It isn’t so clear that Wentz will get over it, that he will internalize Pederson’s message, because nearly everywhere else Wentz looks this week, he will encounter imploring looks and questions that contain the letters W, T, and F, generally in that order.

In fact, public sentiment seems to be running pretty much 180 degrees from what Pederson preached:

  1. So he doesn’t have good receivers – other quarterbacks lack tremendous weapons and still make it work.

  2. You talk about the receivers but there were those two plays on the drive in the final two minutes where he just missed Ertz, therefore proving that Wentz has always been a terrible quarterback and always will be.

  3. Wentz used to brush pass rushers aside, scramble around and make plays. He did that a couple of times Sunday but he should be able to do it a lot more, like he did before the ACL tear and the broken bone in his back. Of course, if he gets hurt again we’ll ask why he takes these stupid risks, but until then he should morph into Lamar Jackson, so the Eagles can win.

Wentz played the way Pederson was talking about in the Buffalo and Chicago games. The Eagles won, but Wentz critics explained that it was because of the run game, that he was little more than a game manager in those victories, was not doing anything special, and was overrated.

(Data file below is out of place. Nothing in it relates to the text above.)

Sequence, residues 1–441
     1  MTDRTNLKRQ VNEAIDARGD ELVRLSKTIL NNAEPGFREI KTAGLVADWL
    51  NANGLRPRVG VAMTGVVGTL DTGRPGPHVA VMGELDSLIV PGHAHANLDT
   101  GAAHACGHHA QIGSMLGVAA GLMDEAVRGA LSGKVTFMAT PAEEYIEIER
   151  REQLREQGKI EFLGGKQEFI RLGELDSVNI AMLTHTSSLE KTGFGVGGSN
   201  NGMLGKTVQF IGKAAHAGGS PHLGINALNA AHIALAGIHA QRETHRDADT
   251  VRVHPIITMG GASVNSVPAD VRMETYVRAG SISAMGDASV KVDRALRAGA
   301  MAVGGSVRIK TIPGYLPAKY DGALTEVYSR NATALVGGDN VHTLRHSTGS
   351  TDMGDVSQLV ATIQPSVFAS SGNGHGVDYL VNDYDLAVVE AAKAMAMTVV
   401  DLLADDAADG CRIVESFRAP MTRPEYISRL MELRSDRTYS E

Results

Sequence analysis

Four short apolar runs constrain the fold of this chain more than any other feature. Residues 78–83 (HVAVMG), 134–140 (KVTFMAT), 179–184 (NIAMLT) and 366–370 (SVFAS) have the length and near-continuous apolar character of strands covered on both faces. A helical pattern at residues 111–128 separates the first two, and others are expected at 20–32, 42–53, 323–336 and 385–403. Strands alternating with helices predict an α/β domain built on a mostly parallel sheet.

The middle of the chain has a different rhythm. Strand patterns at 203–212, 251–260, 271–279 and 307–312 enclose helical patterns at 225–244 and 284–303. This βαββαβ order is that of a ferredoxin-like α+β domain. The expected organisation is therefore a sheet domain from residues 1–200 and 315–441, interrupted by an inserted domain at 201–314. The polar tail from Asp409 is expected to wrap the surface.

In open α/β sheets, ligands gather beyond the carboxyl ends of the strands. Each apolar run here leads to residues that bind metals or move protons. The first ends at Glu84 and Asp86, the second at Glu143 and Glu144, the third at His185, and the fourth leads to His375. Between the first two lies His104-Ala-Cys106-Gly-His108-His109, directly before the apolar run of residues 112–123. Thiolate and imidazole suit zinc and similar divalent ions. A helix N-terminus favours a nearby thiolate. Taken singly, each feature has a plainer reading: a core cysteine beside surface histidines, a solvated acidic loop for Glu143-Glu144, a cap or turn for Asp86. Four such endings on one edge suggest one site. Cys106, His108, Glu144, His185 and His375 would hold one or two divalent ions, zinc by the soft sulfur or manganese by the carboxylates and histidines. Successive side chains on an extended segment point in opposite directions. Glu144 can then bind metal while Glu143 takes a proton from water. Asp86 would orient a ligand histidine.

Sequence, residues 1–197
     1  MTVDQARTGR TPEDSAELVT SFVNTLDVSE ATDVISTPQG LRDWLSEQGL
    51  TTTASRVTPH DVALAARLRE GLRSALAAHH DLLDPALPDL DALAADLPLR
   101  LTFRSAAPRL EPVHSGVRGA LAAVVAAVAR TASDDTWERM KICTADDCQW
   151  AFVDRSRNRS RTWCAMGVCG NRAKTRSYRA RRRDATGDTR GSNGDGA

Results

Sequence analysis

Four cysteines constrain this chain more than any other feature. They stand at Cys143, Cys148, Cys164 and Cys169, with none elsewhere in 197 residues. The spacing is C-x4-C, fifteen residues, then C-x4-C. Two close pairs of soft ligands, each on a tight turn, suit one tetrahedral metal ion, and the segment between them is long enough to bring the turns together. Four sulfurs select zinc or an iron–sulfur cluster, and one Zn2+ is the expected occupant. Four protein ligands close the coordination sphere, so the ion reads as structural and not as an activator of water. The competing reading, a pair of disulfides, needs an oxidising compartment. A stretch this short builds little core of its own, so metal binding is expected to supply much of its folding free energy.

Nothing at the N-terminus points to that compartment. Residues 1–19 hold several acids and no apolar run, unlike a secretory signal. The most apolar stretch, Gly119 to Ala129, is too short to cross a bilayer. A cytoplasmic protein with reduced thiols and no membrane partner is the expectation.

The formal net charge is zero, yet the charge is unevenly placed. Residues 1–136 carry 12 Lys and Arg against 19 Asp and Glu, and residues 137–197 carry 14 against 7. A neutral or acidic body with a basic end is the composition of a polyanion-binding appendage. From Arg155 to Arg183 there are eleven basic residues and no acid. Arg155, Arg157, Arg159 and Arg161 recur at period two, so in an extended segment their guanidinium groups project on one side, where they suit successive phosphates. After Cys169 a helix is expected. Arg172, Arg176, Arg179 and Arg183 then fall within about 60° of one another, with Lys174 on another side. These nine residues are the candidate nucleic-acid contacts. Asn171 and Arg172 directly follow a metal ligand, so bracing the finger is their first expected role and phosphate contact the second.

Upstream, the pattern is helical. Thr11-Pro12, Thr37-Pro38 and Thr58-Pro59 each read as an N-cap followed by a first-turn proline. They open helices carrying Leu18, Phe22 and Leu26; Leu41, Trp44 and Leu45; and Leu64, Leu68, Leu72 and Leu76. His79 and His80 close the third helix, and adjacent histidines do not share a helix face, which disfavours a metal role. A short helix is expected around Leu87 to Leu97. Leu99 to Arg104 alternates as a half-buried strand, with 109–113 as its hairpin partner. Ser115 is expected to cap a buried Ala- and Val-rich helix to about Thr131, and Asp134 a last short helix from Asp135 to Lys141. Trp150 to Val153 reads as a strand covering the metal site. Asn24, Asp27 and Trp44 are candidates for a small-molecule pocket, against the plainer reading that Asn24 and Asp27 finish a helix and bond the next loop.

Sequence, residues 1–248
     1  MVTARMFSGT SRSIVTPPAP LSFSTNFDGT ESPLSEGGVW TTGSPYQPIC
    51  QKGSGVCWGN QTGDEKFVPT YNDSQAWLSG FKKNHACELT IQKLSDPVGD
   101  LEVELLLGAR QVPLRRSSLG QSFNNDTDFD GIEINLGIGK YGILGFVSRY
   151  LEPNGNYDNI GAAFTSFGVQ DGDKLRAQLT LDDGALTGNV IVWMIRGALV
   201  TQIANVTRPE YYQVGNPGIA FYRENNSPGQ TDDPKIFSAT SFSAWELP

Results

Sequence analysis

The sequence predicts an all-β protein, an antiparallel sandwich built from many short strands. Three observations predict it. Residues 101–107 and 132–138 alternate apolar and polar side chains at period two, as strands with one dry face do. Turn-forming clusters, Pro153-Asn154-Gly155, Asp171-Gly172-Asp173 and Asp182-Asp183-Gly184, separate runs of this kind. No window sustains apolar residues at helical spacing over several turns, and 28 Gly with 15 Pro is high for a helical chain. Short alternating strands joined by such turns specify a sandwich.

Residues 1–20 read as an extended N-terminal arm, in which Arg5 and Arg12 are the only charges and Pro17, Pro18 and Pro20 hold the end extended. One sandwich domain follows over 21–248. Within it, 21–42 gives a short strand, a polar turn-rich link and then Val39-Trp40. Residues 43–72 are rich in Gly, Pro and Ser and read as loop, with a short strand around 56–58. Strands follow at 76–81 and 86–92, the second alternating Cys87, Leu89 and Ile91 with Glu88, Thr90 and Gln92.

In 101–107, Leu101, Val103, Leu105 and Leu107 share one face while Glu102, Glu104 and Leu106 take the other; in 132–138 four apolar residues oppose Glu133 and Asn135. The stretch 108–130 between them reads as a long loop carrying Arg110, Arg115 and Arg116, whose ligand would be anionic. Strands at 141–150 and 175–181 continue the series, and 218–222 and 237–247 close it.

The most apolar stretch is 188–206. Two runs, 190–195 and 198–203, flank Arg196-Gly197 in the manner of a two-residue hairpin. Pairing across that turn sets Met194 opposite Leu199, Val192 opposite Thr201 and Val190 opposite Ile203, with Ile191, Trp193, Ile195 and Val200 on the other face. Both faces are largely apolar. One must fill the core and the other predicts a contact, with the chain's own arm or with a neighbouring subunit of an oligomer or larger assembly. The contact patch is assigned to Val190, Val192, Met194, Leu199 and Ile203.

The run game stopped working Sunday after right tackle Lane Johnson went down in the second quarter, replaced by Vaitai, and the Patriots grabbed the early third-quarter lead for their No. 1-ranked defense to work with, something neither Buffalo nor Chicago ever managed.

“I think maybe as the game progressed, we all maybe felt like there was a little bit of a ‘pressing’ going on. We were trying to make ‘that’ play against that great defense, and you really don't have to do that,” said Pederson, who included himself, as the play-caller, in that criticism. “Just let things unfold. I can do a better job as far as maybe being a little more patient in the run game and helping him out that way.”

If you rewatch the game and study the New England pass rush, there weren’t that many chances for Wentz to move around and extend plays. Without Jordan Howard or Darren Sproles, Miles Sanders had some bad moments in blitz pickup. Jason Kelce and Isaac Seumalo spent time in Wentz’s lap. Vaitai was kind of a mess, to the extent that Pederson indicated rookie Andre Dillard could move to the right side this week, should Johnson not emerge from the concussion protocol.